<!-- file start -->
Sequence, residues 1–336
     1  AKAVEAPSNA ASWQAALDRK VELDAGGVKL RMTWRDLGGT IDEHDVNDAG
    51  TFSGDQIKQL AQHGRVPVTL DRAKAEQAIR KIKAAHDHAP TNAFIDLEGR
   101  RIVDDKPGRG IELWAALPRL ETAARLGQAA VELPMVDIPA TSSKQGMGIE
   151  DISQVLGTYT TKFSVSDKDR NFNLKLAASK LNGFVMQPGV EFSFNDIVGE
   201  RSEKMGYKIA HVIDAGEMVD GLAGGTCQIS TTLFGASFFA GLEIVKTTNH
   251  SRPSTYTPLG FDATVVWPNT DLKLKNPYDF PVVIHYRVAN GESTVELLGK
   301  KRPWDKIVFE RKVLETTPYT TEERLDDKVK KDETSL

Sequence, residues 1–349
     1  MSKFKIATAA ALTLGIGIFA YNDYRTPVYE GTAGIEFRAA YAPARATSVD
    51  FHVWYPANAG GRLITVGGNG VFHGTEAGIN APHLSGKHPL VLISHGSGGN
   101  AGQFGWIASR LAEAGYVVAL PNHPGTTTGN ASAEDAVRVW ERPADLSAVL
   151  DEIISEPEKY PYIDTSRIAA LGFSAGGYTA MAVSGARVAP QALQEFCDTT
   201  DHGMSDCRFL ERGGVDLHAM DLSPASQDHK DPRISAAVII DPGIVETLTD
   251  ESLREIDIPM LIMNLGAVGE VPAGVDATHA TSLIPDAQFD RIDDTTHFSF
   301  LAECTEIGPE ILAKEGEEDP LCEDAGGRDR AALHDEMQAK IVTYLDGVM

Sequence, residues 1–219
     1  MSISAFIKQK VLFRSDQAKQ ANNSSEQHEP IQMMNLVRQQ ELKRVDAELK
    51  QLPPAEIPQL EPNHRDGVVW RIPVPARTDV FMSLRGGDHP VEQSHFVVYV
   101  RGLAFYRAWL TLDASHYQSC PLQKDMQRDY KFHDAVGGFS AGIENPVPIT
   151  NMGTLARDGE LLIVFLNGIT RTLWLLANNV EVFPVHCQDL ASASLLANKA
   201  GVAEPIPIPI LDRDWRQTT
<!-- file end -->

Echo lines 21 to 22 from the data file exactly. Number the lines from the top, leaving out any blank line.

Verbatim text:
   151  NMGTLARDGE LLIVFLNGIT RTLWLLANNV EVFPVHCQDL ASASLLANKA
   201  GVAEPIPIPI LDRDWRQTT